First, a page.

FunNature & AnimalPlants produce their own 'aspirin' when stressed

Plants produce their own 'aspirin' when stressed


A new study carried out by scientists at UC Riverside University (USA) analyzes this particular self-defense mechanism in plants, whereby plants do something similar to what we humans do when we get a headache and feel sick. We take a painkiller. Plants, in this case, regulate the production of the active metabolite of aspirin, salicylic acid, producing their own analgesic when they are stressed either by drought or heat, or by insect attack.


Aspirin from plants

While salicylic acid has been used by humans for centuries as a treatment for pain and inflammation, in plants it plays a critical role in signalling, regulation, and defense against pathogens. Plant ‘aspirin’ is produced in chloroplasts and generated in response to stress.

Arabidopsis was exposed to environmental stress, such as light stress . This led to the production of reactive oxygen species or ROS. In humans, ROS can cause freckles or burns. Depending on the amount of ROS in plants, they can either kill the plant or warn you of increasing stress.

“It’s as if plants use a pain reliever for aches and pains, just like we do,” says plant biologist Wilhelmina van de Ven of the University of California, Riverside (UCR).

“Because salicylic acid helps plants resist stresses that become more prevalent with climate change, being able to increase plants’ ability to produce it represents a step forward in challenging the impacts of climate change on everyday life.” said Katayoon Dehesh , lead author of the paper and UCR.

How do plants regulate the production of salicylic acid?

The researchers studied a model plant called Arabidopsis , but hope to apply their understanding of stress responses in the cells of this plant to many other types of plants, including those grown for food. “We would like to be able to use the knowledge gained to improve crop resistance,” said Jin-Zheng Wang, a plant geneticist at UCR and a co-author of the new study. “That will be crucial for the food supply in our ever warmer and brighter world.”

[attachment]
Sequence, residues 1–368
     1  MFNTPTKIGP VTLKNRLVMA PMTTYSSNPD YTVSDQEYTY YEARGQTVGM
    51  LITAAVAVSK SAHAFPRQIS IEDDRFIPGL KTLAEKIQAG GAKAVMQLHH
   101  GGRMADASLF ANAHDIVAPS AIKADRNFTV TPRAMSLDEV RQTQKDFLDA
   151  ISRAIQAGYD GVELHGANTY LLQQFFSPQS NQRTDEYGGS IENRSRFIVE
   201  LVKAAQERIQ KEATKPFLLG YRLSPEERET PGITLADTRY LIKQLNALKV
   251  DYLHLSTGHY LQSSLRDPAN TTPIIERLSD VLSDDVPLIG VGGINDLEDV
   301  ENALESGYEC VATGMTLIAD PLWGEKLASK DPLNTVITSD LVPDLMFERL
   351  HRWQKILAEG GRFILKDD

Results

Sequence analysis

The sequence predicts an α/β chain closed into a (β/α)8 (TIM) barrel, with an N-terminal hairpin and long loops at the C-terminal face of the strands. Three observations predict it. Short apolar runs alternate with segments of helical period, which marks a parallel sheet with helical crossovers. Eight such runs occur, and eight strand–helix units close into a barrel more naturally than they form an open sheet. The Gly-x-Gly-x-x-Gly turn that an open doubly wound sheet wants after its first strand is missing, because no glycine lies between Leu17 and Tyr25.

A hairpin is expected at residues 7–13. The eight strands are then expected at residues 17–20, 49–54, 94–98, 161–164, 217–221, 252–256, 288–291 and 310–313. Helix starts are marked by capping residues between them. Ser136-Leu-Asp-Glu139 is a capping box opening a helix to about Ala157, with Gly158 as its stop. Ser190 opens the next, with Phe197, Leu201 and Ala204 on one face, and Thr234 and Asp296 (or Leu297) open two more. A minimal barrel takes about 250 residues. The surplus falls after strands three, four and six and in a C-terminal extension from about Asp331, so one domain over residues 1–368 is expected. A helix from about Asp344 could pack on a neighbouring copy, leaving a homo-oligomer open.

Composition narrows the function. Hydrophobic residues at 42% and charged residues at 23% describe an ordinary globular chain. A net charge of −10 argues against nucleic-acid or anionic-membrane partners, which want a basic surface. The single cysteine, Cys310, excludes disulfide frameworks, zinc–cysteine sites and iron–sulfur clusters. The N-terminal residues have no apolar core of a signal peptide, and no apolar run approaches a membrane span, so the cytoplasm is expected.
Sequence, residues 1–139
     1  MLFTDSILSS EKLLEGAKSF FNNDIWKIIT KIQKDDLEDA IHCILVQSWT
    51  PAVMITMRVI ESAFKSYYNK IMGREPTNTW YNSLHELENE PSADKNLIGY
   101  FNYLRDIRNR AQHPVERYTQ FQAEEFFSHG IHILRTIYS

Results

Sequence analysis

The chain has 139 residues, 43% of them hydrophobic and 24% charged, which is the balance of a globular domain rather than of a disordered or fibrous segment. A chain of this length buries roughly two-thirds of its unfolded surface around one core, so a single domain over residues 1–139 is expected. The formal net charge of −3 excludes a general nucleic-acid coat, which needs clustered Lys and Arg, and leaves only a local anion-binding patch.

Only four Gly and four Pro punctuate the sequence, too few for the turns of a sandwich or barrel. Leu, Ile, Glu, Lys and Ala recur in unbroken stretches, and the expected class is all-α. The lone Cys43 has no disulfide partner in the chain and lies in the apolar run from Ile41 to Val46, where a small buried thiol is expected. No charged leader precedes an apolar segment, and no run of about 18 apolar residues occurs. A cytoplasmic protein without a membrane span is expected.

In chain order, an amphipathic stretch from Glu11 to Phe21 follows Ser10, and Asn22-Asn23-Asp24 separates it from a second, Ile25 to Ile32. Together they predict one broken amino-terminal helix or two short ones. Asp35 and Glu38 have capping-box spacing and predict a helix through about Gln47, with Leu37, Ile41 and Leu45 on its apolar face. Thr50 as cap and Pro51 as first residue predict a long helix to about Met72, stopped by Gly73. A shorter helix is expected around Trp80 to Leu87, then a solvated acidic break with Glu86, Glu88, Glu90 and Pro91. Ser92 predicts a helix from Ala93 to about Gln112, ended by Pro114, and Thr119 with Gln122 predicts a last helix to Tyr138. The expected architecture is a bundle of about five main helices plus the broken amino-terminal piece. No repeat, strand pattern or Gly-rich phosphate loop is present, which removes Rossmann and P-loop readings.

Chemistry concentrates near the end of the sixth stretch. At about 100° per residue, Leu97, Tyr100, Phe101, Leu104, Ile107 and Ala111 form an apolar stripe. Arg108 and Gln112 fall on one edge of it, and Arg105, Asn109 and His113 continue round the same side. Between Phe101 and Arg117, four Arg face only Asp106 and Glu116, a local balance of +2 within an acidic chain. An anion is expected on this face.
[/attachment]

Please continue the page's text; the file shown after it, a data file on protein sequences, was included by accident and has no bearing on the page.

If the plants have problems, so do we. Plants clean our air by sequestering carbon dioxide, offer us shade and provide a habitat for numerous animals, they say.

“Those impacts go beyond our food . Plants clean our air by sequestering carbon dioxide, offer us shade, and provide a habitat for numerous animals. The benefits of boosting their survival are exponential,” the authors said.

Thus, plants protect themselves from environmental hazards such as insects, drought and heat by producing salicylic acid, also known as aspirin. A new understanding of this process may help plants survive the increasing stress caused by climate change.

Referencia: Jin-Zheng Wang, Wilhelmina van de Ven, Yanmei Xiao, Xiang He, Haiyan Ke, Panyu Yang, Katayoon Dehesh. Reciprocity between a retrograde signal and a putative metalloprotease reconfigures plastidial metabolic and structural states. Science Advances, 2022; 8 (22) DOI: 10.1126/sciadv.abo0724

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